Z-plasty for severe gluteal muscle contracture in children

Kun Zha, Hui Guo Liu, Shuhua Yang, Faqi Cao


Purpose. To review the records of 363 patients with severe gluteal muscle contracture to determine its mechanism, underlying pathology, and treatment outcome. Methods. Records of 136 males and 227 females aged 5 to 18 (mean, 12.2) years who underwent Z-plasty for bilateral (n=347) or unilateral (n=16) severe gluteal muscle contracture were reviewed. Severe gluteal muscle contracture was classified as typical (n=52) or special (n=311). The typical type is associated with symptoms of positive out-toe gait, Ober sign, back-extending test, cross-leg test, squatting with knee side-by-side test, and hip dysfunction. It is further subdivided into mild (n=0), moderate (n=40), or severe (n=12). The special type is associated with additional symptoms of pelvic tilt and leg length discrepancy (<2 cm in 181 hips, 2–4 cm in 82 hips, and >4 cm in 48 hips). 311 hips had pelvic tilt and 47 hips had lumbar compensatory scoliosis. Treatment outcome was assessed at 6 months. Hip functional score was assessed at the final follow-up. Results. The mean hospitalisation period was 11 days. After a mean follow-up of 1.5 years, the mean hip functional score improved from 8.03 to 11.69; improvement was higher in children (age 5–13 years) than in adolescents (age 14–18 years) [3.7 vs. 2.9, p<0.001]. At 6 months, outcome was excellent in 280 hips, good in 80, fair in 3 hips, and poor in 0. The 3 hips with fair outcome had persistent slight pelvic tilt and swaying gait. Two of them had preoperative leg length discrepancy >4 cm, and intra-operatively the contracture band severely affected the joint capsule. The third patient did not comply with postoperative exercises. Conclusion. Surgical treatment for severe gluteal muscle contracture achieved good outcome.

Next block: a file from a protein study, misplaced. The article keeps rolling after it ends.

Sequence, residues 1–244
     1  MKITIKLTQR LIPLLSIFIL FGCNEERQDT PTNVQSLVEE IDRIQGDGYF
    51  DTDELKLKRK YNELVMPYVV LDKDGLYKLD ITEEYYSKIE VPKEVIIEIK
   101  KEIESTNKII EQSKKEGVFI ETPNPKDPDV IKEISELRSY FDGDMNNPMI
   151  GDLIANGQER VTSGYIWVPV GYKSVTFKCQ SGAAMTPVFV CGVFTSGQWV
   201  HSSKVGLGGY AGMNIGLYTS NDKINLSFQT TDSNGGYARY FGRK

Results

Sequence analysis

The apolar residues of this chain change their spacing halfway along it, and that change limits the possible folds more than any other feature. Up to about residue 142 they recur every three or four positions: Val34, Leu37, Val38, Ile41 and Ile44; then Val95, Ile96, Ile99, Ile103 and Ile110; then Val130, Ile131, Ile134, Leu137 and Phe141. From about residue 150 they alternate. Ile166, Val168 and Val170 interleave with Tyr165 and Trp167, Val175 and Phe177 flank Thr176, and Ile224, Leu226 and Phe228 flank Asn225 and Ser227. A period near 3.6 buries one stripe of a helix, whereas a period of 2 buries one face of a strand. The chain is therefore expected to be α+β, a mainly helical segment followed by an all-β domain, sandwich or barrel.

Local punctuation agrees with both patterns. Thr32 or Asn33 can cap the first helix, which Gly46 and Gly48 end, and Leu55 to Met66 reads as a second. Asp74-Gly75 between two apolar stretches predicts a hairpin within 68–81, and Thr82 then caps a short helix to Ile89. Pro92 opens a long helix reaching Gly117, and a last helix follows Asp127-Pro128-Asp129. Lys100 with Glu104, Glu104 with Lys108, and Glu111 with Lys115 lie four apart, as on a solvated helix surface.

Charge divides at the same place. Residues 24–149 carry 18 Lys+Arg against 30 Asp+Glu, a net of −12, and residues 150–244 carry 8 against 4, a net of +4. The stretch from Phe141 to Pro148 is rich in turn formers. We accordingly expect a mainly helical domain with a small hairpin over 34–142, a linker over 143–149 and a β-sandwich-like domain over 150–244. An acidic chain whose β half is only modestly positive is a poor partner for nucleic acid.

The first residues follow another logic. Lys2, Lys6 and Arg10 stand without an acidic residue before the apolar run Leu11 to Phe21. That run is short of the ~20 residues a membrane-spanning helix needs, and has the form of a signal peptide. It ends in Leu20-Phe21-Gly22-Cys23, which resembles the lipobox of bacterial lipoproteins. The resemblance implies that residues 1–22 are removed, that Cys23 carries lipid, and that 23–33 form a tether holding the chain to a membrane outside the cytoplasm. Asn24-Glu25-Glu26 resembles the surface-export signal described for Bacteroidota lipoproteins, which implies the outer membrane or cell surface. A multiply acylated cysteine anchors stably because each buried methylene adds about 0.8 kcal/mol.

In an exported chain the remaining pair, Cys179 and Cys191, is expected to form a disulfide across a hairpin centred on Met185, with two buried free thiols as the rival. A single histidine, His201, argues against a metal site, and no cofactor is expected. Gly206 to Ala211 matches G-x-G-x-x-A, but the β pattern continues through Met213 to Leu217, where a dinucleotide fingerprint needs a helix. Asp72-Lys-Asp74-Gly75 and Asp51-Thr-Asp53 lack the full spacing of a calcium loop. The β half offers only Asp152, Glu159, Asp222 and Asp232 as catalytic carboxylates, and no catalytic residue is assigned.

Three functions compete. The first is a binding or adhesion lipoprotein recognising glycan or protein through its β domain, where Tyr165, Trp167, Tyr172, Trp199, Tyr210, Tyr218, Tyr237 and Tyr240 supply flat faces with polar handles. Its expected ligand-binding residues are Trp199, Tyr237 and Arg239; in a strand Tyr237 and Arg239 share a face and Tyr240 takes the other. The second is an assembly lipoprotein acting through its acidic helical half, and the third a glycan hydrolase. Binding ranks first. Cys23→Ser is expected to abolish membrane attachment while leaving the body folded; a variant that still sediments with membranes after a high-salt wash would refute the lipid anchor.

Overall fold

severe gluteal muscle contracture; hip function; pelvic tilt; leg length discrepancy; children

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